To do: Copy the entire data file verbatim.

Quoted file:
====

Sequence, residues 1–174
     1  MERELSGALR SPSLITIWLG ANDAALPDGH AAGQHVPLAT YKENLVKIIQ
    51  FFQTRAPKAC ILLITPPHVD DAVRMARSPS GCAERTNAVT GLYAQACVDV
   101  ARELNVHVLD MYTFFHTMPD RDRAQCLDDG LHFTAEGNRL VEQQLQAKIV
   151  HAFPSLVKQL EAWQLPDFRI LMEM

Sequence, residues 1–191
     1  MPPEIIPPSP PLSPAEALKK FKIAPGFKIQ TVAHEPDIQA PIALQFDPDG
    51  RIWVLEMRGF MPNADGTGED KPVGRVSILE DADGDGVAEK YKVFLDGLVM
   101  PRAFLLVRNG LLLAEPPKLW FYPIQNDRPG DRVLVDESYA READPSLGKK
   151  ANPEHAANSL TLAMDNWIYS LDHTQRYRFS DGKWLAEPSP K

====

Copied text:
Sequence, residues 1–174
     1  MERELSGALR SPSLITIWLG ANDAALPDGH AAGQHVPLAT YKENLVKIIQ
    51  FFQTRAPKAC ILLITPPHVD DAVRMARSPS GCAERTNAVT GLYAQACVDV
   101  ARELNVHVLD MYTFFHTMPD RDRAQCLDDG LHFTAEGNRL VEQQLQAKIV
   151  HAFPSLVKQL EAWQLPDFRI LMEM

Sequence, residues 1–191
     1  MPPEIIPPSP PLSPAEALKK FKIAPGFKIQ TVAHEPDIQA PIALQFDPDG
    51  RIWVLEMRGF MPNADGTGED KPVGRVSILE DADGDGVAEK YKVFLDGLVM
   101  PRAFLLVRNG LLLAEPPKLW FYPIQNDRPG DRVLVDESYA READPSLGKK
   151  ANPEHAANSL TLAMDNWIYS LDHTQRYRFS DGKWLAEPSP K